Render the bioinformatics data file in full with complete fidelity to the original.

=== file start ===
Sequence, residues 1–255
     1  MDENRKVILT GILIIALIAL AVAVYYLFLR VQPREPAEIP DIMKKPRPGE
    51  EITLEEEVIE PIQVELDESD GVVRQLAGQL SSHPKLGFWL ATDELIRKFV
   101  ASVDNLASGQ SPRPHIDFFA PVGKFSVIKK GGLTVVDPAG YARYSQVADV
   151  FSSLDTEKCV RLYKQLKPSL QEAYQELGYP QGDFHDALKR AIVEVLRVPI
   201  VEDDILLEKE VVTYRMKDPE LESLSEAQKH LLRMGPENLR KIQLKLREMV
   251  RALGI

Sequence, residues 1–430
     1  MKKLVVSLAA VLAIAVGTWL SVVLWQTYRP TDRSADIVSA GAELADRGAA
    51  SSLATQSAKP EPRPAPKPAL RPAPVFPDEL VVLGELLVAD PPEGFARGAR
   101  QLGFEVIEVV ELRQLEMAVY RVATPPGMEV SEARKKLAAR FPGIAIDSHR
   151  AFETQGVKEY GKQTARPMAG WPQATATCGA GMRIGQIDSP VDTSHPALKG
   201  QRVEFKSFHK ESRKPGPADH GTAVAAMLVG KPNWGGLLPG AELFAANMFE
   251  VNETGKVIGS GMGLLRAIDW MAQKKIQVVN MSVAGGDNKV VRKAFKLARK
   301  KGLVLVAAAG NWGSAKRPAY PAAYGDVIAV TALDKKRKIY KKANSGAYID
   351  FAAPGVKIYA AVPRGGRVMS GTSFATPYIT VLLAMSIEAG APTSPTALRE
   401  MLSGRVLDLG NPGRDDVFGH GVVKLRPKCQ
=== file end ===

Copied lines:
Sequence, residues 1–255
     1  MDENRKVILT GILIIALIAL AVAVYYLFLR VQPREPAEIP DIMKKPRPGE
    51  EITLEEEVIE PIQVELDESD GVVRQLAGQL SSHPKLGFWL ATDELIRKFV
   101  ASVDNLASGQ SPRPHIDFFA PVGKFSVIKK GGLTVVDPAG YARYSQVADV
   151  FSSLDTEKCV RLYKQLKPSL QEAYQELGYP QGDFHDALKR AIVEVLRVPI
   201  VEDDILLEKE VVTYRMKDPE LESLSEAQKH LLRMGPENLR KIQLKLREMV
   251  RALGI

Sequence, residues 1–430
     1  MKKLVVSLAA VLAIAVGTWL SVVLWQTYRP TDRSADIVSA GAELADRGAA
    51  SSLATQSAKP EPRPAPKPAL RPAPVFPDEL VVLGELLVAD PPEGFARGAR
   101  QLGFEVIEVV ELRQLEMAVY RVATPPGMEV SEARKKLAAR FPGIAIDSHR
   151  AFETQGVKEY GKQTARPMAG WPQATATCGA GMRIGQIDSP VDTSHPALKG
   201  QRVEFKSFHK ESRKPGPADH GTAVAAMLVG KPNWGGLLPG AELFAANMFE
   251  VNETGKVIGS GMGLLRAIDW MAQKKIQVVN MSVAGGDNKV VRKAFKLARK
   301  KGLVLVAAAG NWGSAKRPAY PAAYGDVIAV TALDKKRKIY KKANSGAYID
   351  FAAPGVKIYA AVPRGGRVMS GTSFATPYIT VLLAMSIEAG APTSPTALRE
   401  MLSGRVLDLG NPGRDDVFGH GVVKLRPKCQ